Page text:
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Scottish National Dictionary (1700–)

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First published 1960 (SND Vol. V).

KIP, n.1, v.2 Also kipp, kepp, kype.

I. n. 1. A turned-up tip, “anything that is beaked or turned up” (Sc. 1825 Jam.; Fif. 1960), specif. a turned-up nose (Bwk. 1912 J. Burleigh Ednam 57); the projecting cartilage on the lower jaw of the male salmon at spawning time (Rxb. 1923 Watson W.-B.; Sc. 1960 Sc. Field (Sept.) 39, kype). Ppl.adj. kyped. Adj. kippie, -y, of cattle: having upturned horns (Kcd., Rxb. 1825 Jam.; Rxb. 1923 Watson W.-B., Rxb. 1960); of persons: having a turned-up nose (Rxb. 1923 Watson W.-B.; Fif. 1960).s.Sc. 1860 J. Locke Tweed and Don 34:
The male fish is provided by nature, at this season, with a bony substance or kip, which grows on his lower jaw, to enable him to make the hole in the gravel for the female to deposit her spawn in; and further in the upper jaw it also has a hole, into which, when its mouth is closed, it exactly fits.
Bwk. 1897 R. M. Calder Poems 297:
He's a kip to his nose, an' a cast i' his e'e.
Sc. 1948 Scots Mag. (Oct.) 44:
At the next cast it was on, and presently he was lifting the net under a mate for his catch, a deep-bodied kyped male to match his female [sea-trout].
Uls. 1960:
She thinks she's lovely an' look at the kip [turned-up nose] on her.

Combs.: (1) kepp-headed, kipp-, of cattle: having turned-up horns; (2) kip-horned, id.; (3) kip-nebbit, having a turned-up nose (Slk. 1825 Jam.). Also of boots: with turned-up toes (Rxb. 1960); (4) kip(e)-nose, a nose turned up at the tip (Rxb. 1923 Watson W.-B.; Kcd. (kype-), Rxb. 1960). Hence kip-nosed (Sc. 1825 Jam.) and kipper-nose (Slk. 1825 Jam.; Rxb. 1923 Watson W.-B.). This last, however, may be a comb. of kipper, a male salmon at spawning, prob. of the same ultimate orig.; (5) kipper-hippet, having narrow, angular hips (Dmf. 1960). See above.(1) Lth. 1699 Edb. Gazette (18–21 Dec.):
Strayed on Wednesday . . . a little back [sic] Cow, green Horn'd, and Kepp-headed, bought the same day at Edinburgh.
Lth. 1701 Ib. (13–16 Jan.):
Strayed from New-Millns near Haddingtoun the 25th of the last Month, a black Kipp headed Cow.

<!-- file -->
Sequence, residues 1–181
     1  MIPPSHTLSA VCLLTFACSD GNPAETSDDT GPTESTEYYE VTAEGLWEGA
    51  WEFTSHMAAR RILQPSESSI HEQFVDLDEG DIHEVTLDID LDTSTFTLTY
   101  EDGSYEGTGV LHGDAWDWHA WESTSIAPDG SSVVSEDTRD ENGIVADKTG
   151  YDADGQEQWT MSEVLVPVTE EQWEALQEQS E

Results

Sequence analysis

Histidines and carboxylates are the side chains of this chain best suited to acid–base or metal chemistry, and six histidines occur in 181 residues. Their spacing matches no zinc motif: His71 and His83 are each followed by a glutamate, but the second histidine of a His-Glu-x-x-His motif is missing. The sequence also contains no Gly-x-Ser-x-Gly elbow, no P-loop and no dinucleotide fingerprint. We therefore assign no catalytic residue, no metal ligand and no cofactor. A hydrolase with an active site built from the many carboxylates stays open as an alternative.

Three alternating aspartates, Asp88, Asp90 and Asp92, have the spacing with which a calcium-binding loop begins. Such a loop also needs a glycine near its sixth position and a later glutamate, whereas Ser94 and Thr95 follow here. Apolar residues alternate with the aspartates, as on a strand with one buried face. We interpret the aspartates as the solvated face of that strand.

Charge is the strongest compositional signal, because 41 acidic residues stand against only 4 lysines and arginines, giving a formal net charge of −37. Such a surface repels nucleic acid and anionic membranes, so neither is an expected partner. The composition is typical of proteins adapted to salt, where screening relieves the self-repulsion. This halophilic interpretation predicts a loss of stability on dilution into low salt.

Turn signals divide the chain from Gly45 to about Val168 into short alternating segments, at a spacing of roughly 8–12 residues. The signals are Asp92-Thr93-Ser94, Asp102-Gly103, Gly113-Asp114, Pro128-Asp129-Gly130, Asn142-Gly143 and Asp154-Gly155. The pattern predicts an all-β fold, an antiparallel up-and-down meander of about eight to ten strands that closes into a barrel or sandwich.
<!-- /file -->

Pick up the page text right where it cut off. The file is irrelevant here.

(2) Per. 1830 Perthshire Advert. (13 May):
There was Lost near Redstone, on the road leading from Coupar Angus to Perth, a Light Branded, Kip Horned, Ferrie Cow.
(4) Slk. 1822 Hogg Perils of Man II. ii.:
Tam and Gibbie, with their long kipper noses, peeping over his shoulder.
(5) Sc. 1827 C. I. Johnstone Eliz. de Bruce I. xii.:
Miss Nicky, though a reigning toast and belle, was what the bucks of those days called kipper-hippet.

2. A jutting or projecting point on a hill (Ayr. 1825 Jam.; Rxb. 1923 Watson W.-B.; m.Lth. 1960), the summit of a sharp-pointed hill (Rxb. 1802 J. Sibbald Chron. Sc. Poetry Gl.; Sc. 1825 Jam.), common in place-names, esp. in s.Sc. Dim. kippie, a small hill (s.Sc. 1825 Jam.; Ags.2, Lnk.11 1941).Peb. 1795 Stat. Acc.1 XIV. 113:
Another place which goes by the name of the Kip. This kip . . . is composed of a row of very large stones . . . placed in a circular form . . . and the middle space filled with stones and gravel. This place I take to have been intended as an alarm tower.
Slk. 1818 Hogg B. of Bodsbeck xv.:
1 saw the bit crookit moon come stealing o'er the kipps o' Bowerhope Law.
Edb. 1845 Stat. Acc.2 I. 349:
It was endowed by its founder with the church lands of Pentland, four acres of meadow near that town, with the kips, and eight sowmes of grass.
s.Sc. 1868 Hist. Bwk. Nat. Club V. 376:
Kip rocks are numerous in Scotland, the name being applied to jutting eminences or upright points of rocks.
s.Sc. 1871 H. S. Riddell Poet. Wks. II. 88:
Brave Bruce clomb, unskathed, Abyssinia's dread kipps.
Peb. 1899 J. Grosart Chronicles 197:
Turn then to the right and mount Shielgreen middle “kip,” and your reward will be a magnificent view of the County.
Bwk. 1912 J. Burleigh Ednam 57:
The Kip in Edenmouth is also Anglo-Saxon, and those who would derive it from the Latin caput have against them Tweedside mothers who familiarly talk of the nez retroussé of their neighbour's child as “a Kip.”

II. v. To turn or tilt up, as of a nose, a cow's horn, etc. (Kcd., Cld. 1825 Jam.; Fif. 1960). Also with up (Abd. a.1838 Jam. MSS. X. 169). Ppl.adj. kippit, kepped, uptilted, turned up (Rxb. 1923 Watson W.-B.; Bwk. 1942 Wettstein).Edb. 1771 Caled. Mercury (9 Dec.):
Strayed . . . a middle sized Black Milk Cow, with kepped horns.
Ags. 1891 A. Lowson Tales, etc. 90:
He had a prominent nose, slightly kipped.
Rxb. 1923 Watson W.-B.:
A kippit nose is a sign o' short temper.
s.Sc. 1929 Sc. Readings (Paterson) 44:
A hard he had a reid heid an' an awfy kippit up nose.

[O.Sc. kippit, upturned, jutting, 1370; kip hedit, 1582; Mid. Du., M.L.Ger. kippe, point, peak, tip. Cf. Du. kip, beak.]

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"Kip n.1, v.2". Dictionary of the Scots Language. 2004. Scottish Language Dictionaries Ltd. Accessed 8 Aug 2022 <>



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